Talk of a new Lexus crossover with third-row seats dates back several years, with Lexus even rolling out a concept of just such a vehicle, the HPX, as far back as 2003. However, Lexus general manager for the United States Jeff Bracken said in an interview last year that the brand may simply launch a seven-seat version of the new RX rather than a dedicated model, and as evidenced by our latest spy shots this looks to be the case.

The new RX, which goes on sale in two-row flavor this fall, as a 2016 model, made its debut in April at the New York Auto Show. The prototype seen here is clearly for the latest RX, but if you look closely you can see that the wheelbase is longer than on the version shown in New York. The rear section is also heavily camouflaged, likely to hide the new third-row seats fitted there.

Modifying the fourth-generation RX to fit a third row would have been straight forward for engineers. The vehicle’s corporate cousin, the Toyota Highlander, already has three rows.

2015 Toyota Highlander

2015 Toyota Highlander

What’s puzzling is why it’s taken Lexus so long to launch the vehicle. The RX is the brand’s most popular model, accounting for three out of every 10 Lexus vehicles ever sold, and a crossover with third-row seats has been the number one demand from dealers for several years now. Lexus does have the GX and LX SUVs, but both of these feature truck-like body-on-frame construction and don’t match the fuel economy of crossovers offered by rivals.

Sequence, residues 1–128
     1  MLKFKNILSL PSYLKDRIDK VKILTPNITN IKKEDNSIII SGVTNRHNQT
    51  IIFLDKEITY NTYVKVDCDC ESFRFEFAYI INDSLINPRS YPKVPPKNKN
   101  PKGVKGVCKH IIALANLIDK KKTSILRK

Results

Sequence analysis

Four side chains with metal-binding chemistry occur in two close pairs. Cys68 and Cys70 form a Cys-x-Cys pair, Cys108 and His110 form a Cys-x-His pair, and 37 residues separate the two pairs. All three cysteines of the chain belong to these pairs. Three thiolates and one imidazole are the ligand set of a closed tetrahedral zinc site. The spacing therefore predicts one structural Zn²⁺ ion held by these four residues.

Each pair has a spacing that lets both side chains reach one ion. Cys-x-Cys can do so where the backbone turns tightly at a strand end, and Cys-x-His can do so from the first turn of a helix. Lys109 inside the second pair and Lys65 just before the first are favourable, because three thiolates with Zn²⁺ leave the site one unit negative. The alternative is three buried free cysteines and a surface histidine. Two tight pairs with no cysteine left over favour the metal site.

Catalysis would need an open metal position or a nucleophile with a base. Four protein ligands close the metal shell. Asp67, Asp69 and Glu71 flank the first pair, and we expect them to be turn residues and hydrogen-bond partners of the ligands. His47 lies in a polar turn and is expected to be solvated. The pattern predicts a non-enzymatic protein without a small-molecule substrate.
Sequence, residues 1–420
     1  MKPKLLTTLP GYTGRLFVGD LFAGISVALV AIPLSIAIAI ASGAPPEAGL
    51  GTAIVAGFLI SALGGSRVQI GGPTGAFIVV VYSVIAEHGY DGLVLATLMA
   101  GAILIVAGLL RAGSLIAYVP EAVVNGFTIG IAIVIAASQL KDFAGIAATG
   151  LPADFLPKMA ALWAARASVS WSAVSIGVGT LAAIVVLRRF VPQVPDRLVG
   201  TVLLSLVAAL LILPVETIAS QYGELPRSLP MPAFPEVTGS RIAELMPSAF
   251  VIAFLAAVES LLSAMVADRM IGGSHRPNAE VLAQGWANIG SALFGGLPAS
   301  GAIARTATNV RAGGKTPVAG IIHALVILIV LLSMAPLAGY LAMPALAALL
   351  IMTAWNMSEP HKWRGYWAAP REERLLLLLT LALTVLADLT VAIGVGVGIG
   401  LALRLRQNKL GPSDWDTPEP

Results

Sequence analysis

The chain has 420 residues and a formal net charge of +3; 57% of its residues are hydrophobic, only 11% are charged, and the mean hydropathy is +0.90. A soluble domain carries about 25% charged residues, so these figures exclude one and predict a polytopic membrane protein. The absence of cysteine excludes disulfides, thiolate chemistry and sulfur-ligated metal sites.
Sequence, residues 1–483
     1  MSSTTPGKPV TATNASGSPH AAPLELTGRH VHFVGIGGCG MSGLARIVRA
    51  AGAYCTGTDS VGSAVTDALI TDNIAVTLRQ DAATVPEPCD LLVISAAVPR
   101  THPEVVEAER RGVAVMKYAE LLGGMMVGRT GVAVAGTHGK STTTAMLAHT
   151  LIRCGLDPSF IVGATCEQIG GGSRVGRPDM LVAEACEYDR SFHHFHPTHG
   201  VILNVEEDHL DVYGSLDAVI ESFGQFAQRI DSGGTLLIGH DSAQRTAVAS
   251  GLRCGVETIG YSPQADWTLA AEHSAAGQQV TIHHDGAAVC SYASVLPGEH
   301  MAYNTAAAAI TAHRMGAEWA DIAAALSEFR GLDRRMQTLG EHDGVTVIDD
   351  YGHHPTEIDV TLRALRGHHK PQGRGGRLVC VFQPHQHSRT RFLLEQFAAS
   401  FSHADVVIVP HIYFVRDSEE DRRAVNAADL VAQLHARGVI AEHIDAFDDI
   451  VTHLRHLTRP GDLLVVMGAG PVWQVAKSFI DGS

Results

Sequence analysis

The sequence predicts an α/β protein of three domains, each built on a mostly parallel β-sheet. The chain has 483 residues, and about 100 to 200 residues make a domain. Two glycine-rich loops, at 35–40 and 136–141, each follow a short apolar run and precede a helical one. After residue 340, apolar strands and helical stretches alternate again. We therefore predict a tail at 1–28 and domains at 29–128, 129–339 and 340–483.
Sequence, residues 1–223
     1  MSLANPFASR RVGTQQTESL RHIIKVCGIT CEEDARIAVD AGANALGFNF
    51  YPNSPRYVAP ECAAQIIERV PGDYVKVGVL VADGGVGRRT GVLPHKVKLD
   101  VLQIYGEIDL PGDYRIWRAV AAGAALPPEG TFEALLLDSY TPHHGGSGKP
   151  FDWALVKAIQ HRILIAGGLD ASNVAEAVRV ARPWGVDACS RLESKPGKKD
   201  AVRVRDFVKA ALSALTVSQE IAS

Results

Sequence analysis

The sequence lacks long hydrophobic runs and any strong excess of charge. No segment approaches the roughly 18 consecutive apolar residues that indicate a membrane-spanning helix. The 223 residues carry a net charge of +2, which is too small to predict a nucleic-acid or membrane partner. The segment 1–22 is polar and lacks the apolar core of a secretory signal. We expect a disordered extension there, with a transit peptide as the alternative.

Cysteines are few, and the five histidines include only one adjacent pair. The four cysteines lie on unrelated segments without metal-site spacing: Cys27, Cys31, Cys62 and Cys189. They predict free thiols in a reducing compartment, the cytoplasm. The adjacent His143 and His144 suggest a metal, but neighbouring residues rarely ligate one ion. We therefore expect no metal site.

As the stretched RX has only started public road trials, we’re not expecting it to be available at this fall’s sales launch of the fourth-generation model. Instead, expect it to debut next year, as a 2017 model. Powertrains should match those of the two-row RX, meaning a base V-6 model and pricier hybrid combining a V-6 with the latest Lexus Hybrid Drive system.

Key rivals will be the Audi Q7, Infiniti JX and Lincoln MKT.